The court held that the security of the state and maintaining law and order are the basic functions of the and the offender has to be punished for their wrongdoings. The court also said that the state’s integrity and sovereignty are also very important. Hence, above all certain restrictions are needed for the well-functioning of the government. In the end, it stated that this section was not ultra-vires, instead was intra-vires. Intra-vires states that the laws are in the preview of the constitution and not unconstitutional. Hon’ble Supreme Court held that section 124A and section 505 of the Indian penal code were intra-vires. 

Hence the court held that section 124A does not take away any fundamental rights including the right to speech and expression but acts as a reasonable restriction which is very important for the security and sovereignty of a state also held that all the fundamental rights have reasonable restrictions that is all the fundamental rights are not completely absolute like seen in the other laws there are reasonable restrictions imposed.

Recently another important case is the Vinod Dua vs Union of India case. In this case, Vinod Dua who is a journalist had uploaded a video on his YouTube channel in which he made some comments against the Modi government. This attracted a sedition case against him, though he was luckier than most of the other journalists as his plea to the Supreme Court to acquit him from these charges was successful. The Hon’ble Supreme Court establishes the fact that anything is written or said that will incite violence or hatred towards the government and violence against others will be considered sedation.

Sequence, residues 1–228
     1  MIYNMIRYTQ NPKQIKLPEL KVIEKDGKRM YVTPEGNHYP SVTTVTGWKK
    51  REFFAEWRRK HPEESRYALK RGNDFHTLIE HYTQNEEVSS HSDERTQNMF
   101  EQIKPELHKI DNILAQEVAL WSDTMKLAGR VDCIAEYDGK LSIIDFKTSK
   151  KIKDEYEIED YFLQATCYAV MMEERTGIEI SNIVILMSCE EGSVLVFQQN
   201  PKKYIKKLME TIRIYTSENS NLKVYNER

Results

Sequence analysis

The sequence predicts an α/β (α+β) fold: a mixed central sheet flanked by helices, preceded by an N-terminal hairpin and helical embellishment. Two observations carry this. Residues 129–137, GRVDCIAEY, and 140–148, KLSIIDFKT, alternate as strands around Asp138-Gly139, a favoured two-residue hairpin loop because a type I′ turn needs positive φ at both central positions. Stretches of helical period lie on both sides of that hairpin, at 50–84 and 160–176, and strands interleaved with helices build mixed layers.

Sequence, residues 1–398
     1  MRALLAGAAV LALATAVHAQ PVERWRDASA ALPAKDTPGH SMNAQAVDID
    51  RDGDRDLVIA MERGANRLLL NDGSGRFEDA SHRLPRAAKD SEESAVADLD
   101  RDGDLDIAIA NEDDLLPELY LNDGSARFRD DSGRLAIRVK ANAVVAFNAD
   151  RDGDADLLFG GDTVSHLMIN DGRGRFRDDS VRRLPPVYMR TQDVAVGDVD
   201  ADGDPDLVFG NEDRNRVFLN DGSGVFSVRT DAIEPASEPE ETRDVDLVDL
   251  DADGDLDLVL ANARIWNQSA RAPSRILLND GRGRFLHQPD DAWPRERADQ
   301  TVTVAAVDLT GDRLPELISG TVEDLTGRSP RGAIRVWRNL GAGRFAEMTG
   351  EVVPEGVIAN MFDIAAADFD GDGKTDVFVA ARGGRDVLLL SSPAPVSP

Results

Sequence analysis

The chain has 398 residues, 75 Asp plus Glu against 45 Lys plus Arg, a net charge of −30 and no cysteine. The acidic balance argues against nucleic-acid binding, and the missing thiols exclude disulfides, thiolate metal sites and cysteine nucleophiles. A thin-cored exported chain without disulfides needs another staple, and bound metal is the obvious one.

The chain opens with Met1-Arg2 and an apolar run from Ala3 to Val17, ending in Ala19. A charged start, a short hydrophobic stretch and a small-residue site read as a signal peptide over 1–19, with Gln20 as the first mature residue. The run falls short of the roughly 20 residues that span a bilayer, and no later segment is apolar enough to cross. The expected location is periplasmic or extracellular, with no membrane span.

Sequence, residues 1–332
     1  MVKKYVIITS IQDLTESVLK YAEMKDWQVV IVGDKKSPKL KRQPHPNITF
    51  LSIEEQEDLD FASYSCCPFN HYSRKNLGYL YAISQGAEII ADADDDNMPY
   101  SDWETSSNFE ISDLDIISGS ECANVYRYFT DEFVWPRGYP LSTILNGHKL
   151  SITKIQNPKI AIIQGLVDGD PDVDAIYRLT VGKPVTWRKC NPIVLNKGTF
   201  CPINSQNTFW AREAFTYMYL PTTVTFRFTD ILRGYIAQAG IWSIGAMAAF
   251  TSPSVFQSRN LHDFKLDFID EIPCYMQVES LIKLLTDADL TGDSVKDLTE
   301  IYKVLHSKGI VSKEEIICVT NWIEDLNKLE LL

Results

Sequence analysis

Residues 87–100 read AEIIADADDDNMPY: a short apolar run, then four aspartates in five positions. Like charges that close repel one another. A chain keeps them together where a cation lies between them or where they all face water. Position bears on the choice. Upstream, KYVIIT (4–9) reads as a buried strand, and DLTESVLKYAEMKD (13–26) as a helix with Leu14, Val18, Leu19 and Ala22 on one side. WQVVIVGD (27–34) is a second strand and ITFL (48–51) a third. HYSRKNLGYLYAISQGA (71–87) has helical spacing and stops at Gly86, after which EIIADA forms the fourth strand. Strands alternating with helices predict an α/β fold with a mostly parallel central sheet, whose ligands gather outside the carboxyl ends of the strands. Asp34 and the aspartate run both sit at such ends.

Mostly when a case of sedition is filed against an individual, other charges like: 

  • Article 124A deals with sedition 
  • Article 268 deals with public nuisance 
  • Article 501 deals with printing matters that are defamatory 
  • Article 505 deals with statements that are conducive to public mischief


In my opinion, sedition laws are one of those laws which sound very effective and necessary on paper but on execution turn into a disaster. As mentioned before the sedition laws were enacted by the Britishers to keep a check on its citizens and not let them demean or badmouth the King or the Queen. When this law transitioned into criminal law in India for the most part was not used for its intended purpose. As seen in recent times this has been used and exploited to the maximum. The whole intent of filing this case on someone is to stop him from promoting hatred towards the government and inciting violence but many times it is used to silence the voice of the critics rather than to agree and accept the wrongs. The law and its execution are completely different and the line between what can cause violence and promote hatred against the government or what consists of being a healthy criticism and what is just defamation is interpreted by different people in different ways. Often leading to confusion and the person being called an anti-national or a deshdrohi. Overall, this is a great step towards the development of India and its citizens. Scrapping this draconian law will lead to better news reporting and more accountability as people now can be more open and straightforward without thinking about getting arrested by the cops.